alcatraz prison bars
Kitchen knives were outlined on the prison wall so staff knew if one was missing (photo: Kris Millgate).

Prison fishing

Life without privilege

I’m going to prison. With flies in my pocket. The prison is in California’s coastal waters. The flies are for Idaho rivers. The pairing is unintentional, but there it is all the same.

I coach youth hockey in Idaho Falls. One of the kids had his big brother tie eight flies for me. I received them at practice the night before I left town. The rink is cold so I had my coat on. I slipped the fly box into my coat pocket and that coat ended up on a plane with me on my way to prison. An old prison. Alcatraz.

coastal louisiana dock
Photo: Johnny Carrol Sain

Vanishing Paradise I: Pure life

Coastal Louisiana is disappearing right before our eyes

“Pura vida,” said Erin Brown as the boat hummed across brackish waters. Erin is the sportsmen outreach coordinator for the National Wildlife Federation’s Vanishing Paradise program. More importantly, Erin is a coastal Louisiana native in love with her home. “Pura vida means pure life,” she said. “They say it everywhere in Costa Rica.

goliath grouper
Ryan Kane, Southern Instinct owner and guide, releases a goliath grouper that ate a cobia, which was on the line for eating herring bait (photo: Kris Millgate).

For large grouper, a precarious rebound

The debate over the Ocean's Goliath

I grew up far from the ocean so the only goliath I knew was the one David dropped with a slingshot. I don’t know how much that giant weighed on land, but the ocean beast with the same name tips nearly half a ton. Goliath grouper can live 40 years and can weigh 800 pounds. The one I’m looking at is less than half that size, but it’s still a lot of fish. Or a lot of fish to eat if that’s the side of the table you’re sitting on.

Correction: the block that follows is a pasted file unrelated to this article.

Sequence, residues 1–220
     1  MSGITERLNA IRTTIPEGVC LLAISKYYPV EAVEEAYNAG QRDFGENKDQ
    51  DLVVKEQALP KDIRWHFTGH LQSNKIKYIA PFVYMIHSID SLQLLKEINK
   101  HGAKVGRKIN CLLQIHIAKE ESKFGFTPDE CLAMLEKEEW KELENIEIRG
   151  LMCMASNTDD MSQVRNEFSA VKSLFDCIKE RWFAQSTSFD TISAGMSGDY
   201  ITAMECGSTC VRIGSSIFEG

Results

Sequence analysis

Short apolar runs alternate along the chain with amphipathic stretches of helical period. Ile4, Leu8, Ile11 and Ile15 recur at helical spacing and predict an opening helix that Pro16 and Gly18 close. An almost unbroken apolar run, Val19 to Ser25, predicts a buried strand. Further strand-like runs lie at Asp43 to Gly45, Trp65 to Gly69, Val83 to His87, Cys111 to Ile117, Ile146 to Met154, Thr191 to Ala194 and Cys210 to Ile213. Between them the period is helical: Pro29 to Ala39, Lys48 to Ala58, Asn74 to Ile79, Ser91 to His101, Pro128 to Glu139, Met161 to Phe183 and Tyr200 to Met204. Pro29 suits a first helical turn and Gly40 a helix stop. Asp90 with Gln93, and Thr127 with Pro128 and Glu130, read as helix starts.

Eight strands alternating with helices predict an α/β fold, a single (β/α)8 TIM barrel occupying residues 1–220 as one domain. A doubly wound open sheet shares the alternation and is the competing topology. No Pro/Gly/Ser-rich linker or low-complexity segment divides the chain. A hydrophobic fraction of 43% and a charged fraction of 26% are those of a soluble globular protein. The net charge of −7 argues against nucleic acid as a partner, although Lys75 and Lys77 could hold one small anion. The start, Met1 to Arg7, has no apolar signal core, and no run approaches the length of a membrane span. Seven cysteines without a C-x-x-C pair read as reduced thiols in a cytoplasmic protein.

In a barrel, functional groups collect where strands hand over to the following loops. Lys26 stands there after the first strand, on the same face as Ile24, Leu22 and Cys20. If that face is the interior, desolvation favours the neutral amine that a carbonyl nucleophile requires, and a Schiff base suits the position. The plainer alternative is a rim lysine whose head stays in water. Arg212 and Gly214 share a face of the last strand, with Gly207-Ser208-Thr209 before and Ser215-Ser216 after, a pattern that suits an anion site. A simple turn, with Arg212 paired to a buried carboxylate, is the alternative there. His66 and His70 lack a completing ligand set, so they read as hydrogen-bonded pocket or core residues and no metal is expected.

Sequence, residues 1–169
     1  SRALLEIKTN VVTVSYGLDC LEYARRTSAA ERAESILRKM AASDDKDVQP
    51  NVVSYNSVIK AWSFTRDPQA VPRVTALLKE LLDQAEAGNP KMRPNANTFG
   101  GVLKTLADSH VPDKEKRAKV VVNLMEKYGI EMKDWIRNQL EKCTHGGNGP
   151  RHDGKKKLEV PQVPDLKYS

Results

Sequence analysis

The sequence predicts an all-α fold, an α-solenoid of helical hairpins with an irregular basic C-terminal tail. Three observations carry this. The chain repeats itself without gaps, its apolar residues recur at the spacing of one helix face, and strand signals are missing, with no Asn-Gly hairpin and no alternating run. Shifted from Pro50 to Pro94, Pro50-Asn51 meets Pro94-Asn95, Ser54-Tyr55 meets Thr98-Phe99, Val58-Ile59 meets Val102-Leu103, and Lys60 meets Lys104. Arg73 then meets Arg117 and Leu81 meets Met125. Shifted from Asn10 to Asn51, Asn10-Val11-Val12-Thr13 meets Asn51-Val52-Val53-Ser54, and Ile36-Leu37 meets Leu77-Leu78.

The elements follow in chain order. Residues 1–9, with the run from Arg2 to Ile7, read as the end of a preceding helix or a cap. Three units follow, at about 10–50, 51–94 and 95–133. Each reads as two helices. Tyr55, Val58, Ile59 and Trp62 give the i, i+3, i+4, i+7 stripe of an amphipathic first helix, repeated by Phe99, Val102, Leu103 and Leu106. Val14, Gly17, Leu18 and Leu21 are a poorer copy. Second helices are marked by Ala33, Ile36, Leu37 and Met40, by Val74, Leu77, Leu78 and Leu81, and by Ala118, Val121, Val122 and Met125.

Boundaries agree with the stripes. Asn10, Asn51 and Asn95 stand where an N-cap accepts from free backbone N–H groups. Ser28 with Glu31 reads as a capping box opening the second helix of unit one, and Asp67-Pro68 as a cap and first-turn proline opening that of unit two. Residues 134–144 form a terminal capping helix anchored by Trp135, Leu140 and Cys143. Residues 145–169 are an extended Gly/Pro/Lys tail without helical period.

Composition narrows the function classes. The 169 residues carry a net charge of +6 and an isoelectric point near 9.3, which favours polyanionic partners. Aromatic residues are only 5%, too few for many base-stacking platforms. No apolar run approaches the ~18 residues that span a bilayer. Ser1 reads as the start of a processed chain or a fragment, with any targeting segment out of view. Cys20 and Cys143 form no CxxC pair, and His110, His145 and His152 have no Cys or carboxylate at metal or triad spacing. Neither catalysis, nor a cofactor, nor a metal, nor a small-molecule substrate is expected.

big pike - reindeer lake - saskatchewan
Photo: Steve Zakur

Pike thumb

An honest trade

On a early spring evening, just as the tide goes slack low, you can see bobbing headlamps on the sandbar at the mouth of a certain New England river. Packed into tight groups the anglers will be sharing stories of the outgoing. If all went well, headlamps will be focused on the roughened pads of thumbs. Lipping stripers during a good evening eventually scours the thumb to the texture of well used sand paper. The same happens on a good day of largemouth or smallmouth fishing. Bass thumb isn’t a problem, it’s a badge of honor.

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